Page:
Patrick Francis Healy, the first Black American to earn a PhD and the first Black President of a predominately white American college, was born into slavery on February 27, 1834 in Georgia. His father was a slave-owner who fathered eight children, including Patrick and his brother James Augustine – the first Black American Catholic Bishop, with his slave, Eliza Smith.
Healy’s father acknowledged paternity and sent his children North to be educated. Patrick attended the Flushing Quaker school in Long Island, NY, and graduated from Holy Cross College in 1850. Patrick then joined the Jesuit Order, becoming the first Black American Jesuit Priest.
Because of anti-Black racism in the US, Healy continued his education in Europe, earning his PhD from the University of Louvain in Belgium in 1865. Healy returned to the US and on July 31, 1874 he was inaugurated the 29th president of Georgetown University. Under his presidential leadership, Georgetown modernized its curriculum and established schools of law and medicine. President Healy also oversaw an expansion and beautification of the campus. Healy Hall remains the most notable building on Georgetown campus.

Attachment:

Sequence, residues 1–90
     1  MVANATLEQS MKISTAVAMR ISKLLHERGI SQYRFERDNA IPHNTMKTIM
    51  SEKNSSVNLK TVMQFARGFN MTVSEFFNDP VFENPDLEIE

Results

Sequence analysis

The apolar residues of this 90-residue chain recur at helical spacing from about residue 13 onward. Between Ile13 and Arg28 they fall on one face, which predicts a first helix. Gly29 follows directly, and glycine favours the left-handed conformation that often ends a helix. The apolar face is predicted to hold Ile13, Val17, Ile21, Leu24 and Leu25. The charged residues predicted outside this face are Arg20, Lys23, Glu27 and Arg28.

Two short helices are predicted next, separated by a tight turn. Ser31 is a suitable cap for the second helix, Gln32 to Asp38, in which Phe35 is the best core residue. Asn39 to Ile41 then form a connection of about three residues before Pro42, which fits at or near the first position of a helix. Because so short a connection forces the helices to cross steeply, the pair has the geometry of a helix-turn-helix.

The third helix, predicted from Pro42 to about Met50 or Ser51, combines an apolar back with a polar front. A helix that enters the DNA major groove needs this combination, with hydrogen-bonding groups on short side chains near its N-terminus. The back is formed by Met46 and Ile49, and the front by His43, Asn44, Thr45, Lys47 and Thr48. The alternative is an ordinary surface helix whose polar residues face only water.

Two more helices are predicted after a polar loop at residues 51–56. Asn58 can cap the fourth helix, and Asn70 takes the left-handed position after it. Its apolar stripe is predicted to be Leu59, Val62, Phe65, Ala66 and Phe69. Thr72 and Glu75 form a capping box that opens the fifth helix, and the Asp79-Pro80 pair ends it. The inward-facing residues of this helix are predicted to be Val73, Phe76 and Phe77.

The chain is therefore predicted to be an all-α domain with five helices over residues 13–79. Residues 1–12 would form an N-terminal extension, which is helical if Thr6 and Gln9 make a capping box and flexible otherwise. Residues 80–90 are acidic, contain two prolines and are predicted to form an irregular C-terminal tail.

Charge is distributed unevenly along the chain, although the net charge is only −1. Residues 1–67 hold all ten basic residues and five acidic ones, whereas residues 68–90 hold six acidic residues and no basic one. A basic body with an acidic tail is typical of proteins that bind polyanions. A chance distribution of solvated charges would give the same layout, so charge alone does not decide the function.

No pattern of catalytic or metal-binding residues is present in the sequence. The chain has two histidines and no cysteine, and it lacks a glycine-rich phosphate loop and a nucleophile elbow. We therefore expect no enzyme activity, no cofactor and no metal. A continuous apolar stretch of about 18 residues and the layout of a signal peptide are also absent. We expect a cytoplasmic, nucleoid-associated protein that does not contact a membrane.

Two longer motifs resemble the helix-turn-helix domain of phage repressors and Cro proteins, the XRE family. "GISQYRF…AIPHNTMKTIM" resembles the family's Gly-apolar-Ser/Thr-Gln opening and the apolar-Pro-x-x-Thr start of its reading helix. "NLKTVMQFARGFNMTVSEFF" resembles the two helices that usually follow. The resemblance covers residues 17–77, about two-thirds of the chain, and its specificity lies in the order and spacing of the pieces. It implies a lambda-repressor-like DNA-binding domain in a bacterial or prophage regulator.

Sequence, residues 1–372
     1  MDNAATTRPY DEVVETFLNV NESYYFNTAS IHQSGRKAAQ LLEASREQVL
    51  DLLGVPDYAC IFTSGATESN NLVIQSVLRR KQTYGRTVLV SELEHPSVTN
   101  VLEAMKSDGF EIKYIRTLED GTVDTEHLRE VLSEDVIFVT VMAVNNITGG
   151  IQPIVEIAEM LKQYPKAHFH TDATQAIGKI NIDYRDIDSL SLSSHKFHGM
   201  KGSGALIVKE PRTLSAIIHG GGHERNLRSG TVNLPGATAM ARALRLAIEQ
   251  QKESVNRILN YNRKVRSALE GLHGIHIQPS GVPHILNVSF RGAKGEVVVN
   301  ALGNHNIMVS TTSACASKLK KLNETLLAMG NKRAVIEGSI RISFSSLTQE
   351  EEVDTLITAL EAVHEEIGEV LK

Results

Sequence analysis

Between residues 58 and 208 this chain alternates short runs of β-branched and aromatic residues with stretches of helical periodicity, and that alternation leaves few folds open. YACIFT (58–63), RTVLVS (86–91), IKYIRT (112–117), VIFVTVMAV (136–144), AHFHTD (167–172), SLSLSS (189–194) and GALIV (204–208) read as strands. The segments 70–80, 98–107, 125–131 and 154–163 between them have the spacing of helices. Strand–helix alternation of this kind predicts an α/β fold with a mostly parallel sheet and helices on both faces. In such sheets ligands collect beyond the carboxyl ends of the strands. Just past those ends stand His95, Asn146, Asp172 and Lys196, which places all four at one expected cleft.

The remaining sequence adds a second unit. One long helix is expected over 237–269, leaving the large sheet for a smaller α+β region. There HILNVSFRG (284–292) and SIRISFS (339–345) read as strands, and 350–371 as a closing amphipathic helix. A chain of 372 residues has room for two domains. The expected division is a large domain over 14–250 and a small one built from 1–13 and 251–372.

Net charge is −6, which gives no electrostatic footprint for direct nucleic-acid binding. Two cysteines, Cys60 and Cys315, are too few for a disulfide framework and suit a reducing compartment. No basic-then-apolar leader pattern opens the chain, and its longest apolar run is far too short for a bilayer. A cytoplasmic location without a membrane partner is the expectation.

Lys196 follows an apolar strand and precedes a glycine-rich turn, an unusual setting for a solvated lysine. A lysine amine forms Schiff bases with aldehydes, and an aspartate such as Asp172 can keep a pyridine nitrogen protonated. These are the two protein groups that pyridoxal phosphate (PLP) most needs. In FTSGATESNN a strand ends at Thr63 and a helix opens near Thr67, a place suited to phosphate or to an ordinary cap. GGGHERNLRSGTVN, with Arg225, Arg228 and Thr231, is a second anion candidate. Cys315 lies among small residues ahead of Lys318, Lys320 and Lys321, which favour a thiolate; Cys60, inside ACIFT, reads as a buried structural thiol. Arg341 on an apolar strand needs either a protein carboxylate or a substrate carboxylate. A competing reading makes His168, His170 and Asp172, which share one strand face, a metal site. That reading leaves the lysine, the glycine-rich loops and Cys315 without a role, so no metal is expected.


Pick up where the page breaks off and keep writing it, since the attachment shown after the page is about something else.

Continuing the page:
The Healy brothers provide poignant and painful examples of the complexities of race and racism. It was commonly known that they were children of a “Negro slave woman”. So well known was it, that they had to travel from their home and from their country just to obtain education. Yet, their racial identity was often intentionally overlooked and they took advantage of the fact that they “looked White.” When they graduated from college, they openly identified as White, the racial identity of their father and discontinued contact with their Black mother. They also chose professions that would prevent them from marrying and legally fathering children. The irony that Georgetown’s financial future was saved in the early 1800s by the sale of slaves, and that its rebirth decades later was led by a Black man and former slave must not be ignored.
Joan Potter, African American Firsts: Famous, Little-known, and Unsung Triumphs of Blacks in America (2014)
James M. O’Toole, Passing for White: Race, Religion, and the Healy Family, 1820 – 1920, (2003)
Charles M. Christian, Black Saga: The African American Experience (1995)
Bryan Greene, “Born Enslaved, Patrick Francis Healy ‘Passed’ His Way to Lead Georgetown University,” Smithsonian Magazine (September 2020)